Nearly seven years ago, Vancouver-born photographer Teresa Eng moved to Elephant and Castle, having grown to know the area during an MA in photography at London College of Communication. At the time, the area was mainly inhabited by people who had lived there with their families for decades and it was relatively affordable. It’s hard to imagine when looking at Elephant and Castle today, as the area has undergone rapid change, with 21 projects (costing over £4bn) either underway or in the pipeline, making it one of Europe’s largest regeneration projects ever.
Teresa’s work toes the line between documentary and fine art photography and her interests lie in the ever-shifting world. “I work on long term projects that deal with transition and change,” she tells It’s Nice That. Her move to Elephant and Castle, therefore, presented an opportunity: a long-term documentation of an area undergoing a huge transformation and the effect this has on the people who live there. The result is Elephant, a ten-year-long project currently in its sixth year.
The project first began as a stroll through the neighbourhood. Teresa explains: “As I saw the estates being sealed and demolished, I could see the impact that it would have on the fabric of the neighbourhood and the community. In the last few years, it’s changed enormously as council housing tenants are being rehoused elsewhere and replaced by people with large mortgages. Aylesbury, the estate near me, houses 10,000 residents and it’s phased for development until 2030.”
While the situation seems pretty dire, photography as a medium allows Teresa to attempt to unpack the situation, and find silver linings; “it’s about learning to see and finding beauty in detritus.” For her, photography is also an excuse to approach strangers and get to learn a bit about their lives. This is only furthered by her use of a medium format camera which significantly slows down the image-making process. “Sometimes I end up having deep conversations and learning about the history of the area with people I encounter,” she adds.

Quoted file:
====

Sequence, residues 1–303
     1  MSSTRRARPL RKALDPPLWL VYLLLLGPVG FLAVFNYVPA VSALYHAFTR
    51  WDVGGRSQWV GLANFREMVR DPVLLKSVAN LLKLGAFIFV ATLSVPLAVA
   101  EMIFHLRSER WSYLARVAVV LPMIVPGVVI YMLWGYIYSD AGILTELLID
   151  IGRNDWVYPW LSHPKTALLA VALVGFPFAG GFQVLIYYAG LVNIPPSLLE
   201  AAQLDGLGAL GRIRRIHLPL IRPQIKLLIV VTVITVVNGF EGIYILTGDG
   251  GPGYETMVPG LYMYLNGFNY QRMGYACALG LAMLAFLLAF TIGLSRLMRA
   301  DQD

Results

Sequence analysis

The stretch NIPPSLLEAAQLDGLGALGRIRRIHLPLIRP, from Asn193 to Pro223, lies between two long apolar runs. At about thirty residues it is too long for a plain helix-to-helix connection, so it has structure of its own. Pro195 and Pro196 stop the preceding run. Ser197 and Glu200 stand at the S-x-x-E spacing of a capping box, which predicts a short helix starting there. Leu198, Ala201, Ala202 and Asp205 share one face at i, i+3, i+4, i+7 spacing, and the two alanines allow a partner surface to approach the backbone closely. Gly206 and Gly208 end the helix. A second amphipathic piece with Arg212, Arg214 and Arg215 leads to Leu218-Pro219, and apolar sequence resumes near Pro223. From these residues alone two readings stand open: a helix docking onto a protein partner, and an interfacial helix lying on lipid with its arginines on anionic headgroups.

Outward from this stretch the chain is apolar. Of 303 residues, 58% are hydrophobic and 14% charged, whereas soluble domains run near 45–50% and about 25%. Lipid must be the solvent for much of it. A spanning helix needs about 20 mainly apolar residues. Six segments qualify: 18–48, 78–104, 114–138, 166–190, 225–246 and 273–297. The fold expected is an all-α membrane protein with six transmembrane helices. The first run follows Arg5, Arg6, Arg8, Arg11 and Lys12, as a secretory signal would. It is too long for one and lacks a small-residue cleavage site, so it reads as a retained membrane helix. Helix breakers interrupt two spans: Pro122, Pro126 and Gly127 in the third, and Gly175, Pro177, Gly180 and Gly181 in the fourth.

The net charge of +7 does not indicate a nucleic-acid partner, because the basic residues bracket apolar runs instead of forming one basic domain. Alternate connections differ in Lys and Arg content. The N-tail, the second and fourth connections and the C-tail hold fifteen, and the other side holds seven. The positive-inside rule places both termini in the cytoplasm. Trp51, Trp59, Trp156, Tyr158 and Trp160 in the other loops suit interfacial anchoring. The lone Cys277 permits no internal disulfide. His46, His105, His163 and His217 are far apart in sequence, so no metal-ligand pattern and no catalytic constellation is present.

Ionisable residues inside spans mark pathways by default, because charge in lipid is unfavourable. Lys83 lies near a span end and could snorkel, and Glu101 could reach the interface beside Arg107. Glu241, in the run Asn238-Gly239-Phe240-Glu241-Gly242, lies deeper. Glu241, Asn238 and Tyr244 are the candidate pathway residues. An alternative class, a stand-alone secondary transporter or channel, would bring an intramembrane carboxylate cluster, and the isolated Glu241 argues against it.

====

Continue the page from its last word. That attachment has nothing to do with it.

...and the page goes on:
The images in Elephant, therefore, exhibit a familiarity and warmth, only possible through working within a community for such an extended period of time as Teresa has. In one image, a young man looks into the lens as he leans on his bike, at ease with the interaction taking place. In the background, his friend is distracted, barely even noticing the portrait being taken in front of him. It’s portraits like this, displayed in combination with sun-drenched images of local parks and buildings reminding you that there is already beauty in this place, already a community which calls it home.
On how the body of work will continue to develop, she tells us: “I see Elephant as a document of the changing nature of neighbourhoods and cities. My intention is to make this a ten-year-long project (I’m already on year six). I think there’s a value in long term documentary work. It’s a marker of time and of the changes that are imperceptible on a day-to-day basis.”
Elephant is currently on show at Somerset House until 8 September as part of the Kaleidoscope exhibition.
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